Here we go! Class of 2014 is underway.

Today begins the 2014 Class of Developing History Leaders @SHA. Twenty-one public history practitioners from across the nation have gathered in Indianapolis to learn from leaders, and from one another, about changes that are occurring in our field. Increasingly history organizations are finding ways to be more relevant to the people in their communities, states, the nation and the world. Innovative and courageous leaders are addressing tough issues, as the world around us continues to change.

First up will be Jan Gallimore, Executive Director of the Idaho State Historical Society, who will discuss the challenges she has faced in getting her organization “to the table” at the state level, in helping state leaders to address issues of education and economic development. So often history is left out of discussions about the big issues confronting our communities. History is viewed as something nice to have, but not especially useful when it comes to improving the lives of people. This has to change.

Tomorrow David Young from Cliveden will engage the class in thinking about some of the critical and tough issues facing their communities, and how history can be part of the solution, using his own experience in the Germantown neighborhood of Philadelphia.

But wait a minute, why do we have to change? Can’t we continue to operate our organizations as we always have, caring for the historic collections and buildings, sharing our expert knowledge through exhibitions and publications, and inviting the public to do research and enjoy events at our places? Tomorrow afternoon Susie Wilkening from Reach Advisors will discuss changes external to our field that compel us to change: demographic and economic trends, changing views of the value of museums, new philanthropic priorities, changing expectations of the public regarding leisure and education, and more. Institutions that don’t change will be left behind.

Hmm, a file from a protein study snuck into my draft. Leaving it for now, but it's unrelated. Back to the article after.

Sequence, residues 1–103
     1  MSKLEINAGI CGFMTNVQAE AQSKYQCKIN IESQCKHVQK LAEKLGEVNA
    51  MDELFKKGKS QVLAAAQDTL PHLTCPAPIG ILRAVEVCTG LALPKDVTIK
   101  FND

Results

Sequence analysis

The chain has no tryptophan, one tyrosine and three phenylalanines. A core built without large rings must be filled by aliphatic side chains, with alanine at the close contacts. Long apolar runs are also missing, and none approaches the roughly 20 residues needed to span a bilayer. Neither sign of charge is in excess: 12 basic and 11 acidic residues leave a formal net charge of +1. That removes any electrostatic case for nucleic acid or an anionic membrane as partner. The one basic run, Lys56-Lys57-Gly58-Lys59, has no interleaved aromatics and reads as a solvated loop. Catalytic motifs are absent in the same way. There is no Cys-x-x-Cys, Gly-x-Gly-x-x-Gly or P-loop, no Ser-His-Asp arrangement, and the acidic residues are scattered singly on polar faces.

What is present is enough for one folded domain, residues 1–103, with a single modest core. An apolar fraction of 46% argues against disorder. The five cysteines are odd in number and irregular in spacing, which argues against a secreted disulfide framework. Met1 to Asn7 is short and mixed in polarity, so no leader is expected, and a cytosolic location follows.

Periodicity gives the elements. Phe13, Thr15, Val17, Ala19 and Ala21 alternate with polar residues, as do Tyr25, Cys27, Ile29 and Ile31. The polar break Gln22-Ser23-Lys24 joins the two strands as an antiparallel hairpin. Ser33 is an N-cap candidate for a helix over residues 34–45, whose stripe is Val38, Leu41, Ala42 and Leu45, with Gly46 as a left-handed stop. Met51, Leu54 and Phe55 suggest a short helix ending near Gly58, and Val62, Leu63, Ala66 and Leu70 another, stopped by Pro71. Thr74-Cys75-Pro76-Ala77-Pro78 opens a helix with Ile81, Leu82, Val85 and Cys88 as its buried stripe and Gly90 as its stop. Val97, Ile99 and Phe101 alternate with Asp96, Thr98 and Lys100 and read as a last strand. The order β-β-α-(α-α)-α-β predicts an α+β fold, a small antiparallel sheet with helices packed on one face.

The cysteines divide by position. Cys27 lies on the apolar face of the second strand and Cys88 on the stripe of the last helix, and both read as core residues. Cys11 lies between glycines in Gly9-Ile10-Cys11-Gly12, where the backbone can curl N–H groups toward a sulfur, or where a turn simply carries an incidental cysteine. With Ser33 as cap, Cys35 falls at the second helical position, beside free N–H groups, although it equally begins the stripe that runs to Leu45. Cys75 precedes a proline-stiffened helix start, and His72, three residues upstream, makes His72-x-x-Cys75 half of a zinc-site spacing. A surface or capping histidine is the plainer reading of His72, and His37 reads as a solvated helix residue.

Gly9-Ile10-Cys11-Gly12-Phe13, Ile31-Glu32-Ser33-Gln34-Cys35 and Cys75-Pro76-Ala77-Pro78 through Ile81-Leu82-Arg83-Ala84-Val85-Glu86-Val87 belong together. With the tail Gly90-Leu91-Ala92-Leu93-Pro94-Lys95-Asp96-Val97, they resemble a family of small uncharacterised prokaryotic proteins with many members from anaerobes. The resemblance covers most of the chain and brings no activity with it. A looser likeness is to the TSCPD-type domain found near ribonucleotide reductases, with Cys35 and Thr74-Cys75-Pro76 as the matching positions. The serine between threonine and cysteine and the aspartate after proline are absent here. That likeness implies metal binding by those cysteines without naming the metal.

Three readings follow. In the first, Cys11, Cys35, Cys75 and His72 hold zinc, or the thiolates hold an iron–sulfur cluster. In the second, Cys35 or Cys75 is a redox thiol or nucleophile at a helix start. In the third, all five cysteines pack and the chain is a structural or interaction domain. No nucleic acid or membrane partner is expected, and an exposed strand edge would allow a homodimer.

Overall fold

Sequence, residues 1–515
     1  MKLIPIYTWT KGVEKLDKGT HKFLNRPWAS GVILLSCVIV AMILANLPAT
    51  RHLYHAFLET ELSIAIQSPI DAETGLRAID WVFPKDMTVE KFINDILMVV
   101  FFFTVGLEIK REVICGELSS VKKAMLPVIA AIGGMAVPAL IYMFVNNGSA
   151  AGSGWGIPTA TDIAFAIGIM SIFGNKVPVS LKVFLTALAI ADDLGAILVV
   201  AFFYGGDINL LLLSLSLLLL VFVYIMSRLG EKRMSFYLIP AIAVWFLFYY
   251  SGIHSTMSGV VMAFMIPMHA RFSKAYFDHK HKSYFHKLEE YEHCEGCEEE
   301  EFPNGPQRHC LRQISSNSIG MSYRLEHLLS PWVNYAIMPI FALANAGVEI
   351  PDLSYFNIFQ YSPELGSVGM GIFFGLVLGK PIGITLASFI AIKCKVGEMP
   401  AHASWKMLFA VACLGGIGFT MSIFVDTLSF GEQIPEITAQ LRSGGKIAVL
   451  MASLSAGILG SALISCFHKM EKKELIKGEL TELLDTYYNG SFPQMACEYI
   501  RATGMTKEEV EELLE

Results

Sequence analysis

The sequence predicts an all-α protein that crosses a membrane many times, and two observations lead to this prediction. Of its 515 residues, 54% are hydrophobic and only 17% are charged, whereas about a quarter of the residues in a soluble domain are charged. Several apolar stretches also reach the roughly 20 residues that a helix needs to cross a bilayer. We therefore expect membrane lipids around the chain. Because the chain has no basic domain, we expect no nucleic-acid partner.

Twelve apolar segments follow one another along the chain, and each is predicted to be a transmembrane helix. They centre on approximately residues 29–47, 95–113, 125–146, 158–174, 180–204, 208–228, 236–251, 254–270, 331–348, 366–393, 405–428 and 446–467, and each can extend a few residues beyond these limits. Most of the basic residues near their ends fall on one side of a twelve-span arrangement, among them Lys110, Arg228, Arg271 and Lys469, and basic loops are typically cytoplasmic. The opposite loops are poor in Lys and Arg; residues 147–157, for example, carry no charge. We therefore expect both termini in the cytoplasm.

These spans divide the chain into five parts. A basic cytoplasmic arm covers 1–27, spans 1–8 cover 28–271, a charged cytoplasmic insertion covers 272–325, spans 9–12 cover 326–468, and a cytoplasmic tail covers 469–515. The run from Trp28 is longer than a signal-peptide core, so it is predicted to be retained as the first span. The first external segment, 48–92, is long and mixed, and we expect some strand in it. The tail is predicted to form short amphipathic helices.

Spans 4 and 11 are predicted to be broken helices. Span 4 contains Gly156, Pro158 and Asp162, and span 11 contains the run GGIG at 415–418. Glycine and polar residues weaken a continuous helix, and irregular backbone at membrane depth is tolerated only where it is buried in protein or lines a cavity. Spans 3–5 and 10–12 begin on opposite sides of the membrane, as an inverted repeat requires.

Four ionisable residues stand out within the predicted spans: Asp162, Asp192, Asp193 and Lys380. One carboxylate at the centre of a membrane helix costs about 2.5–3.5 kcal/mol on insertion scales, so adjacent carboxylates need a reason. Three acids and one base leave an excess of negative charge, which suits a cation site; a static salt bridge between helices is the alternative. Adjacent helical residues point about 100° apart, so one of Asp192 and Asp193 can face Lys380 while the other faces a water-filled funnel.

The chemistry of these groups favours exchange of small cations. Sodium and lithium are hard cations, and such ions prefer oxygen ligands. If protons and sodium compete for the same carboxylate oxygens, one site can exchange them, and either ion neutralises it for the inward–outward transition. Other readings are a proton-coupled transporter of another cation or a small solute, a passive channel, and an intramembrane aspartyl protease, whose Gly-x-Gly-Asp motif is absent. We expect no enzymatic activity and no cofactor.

On Tuesday Tim Grove from the National Air and Space Museum and Jamie Glavic from the Ohio Historical Society will present changes in technology. In this case we have begun to embrace change as younger people have entered the field. Tim and Jamie will help us understand what is happening and what is coming in technology.

Stay tuned for more blog posts over the next three weeks.

Posted on November 2, 2014, in Change, community, History, Leadership, Museums, Relevance, Seminar for Historical Administration, SHA and tagged , , , , , , , , , , , , , , , . Bookmark the permalink. 1 Comment.

  1. Following with interest while on a rubber tire tour of Nebraska rural places.

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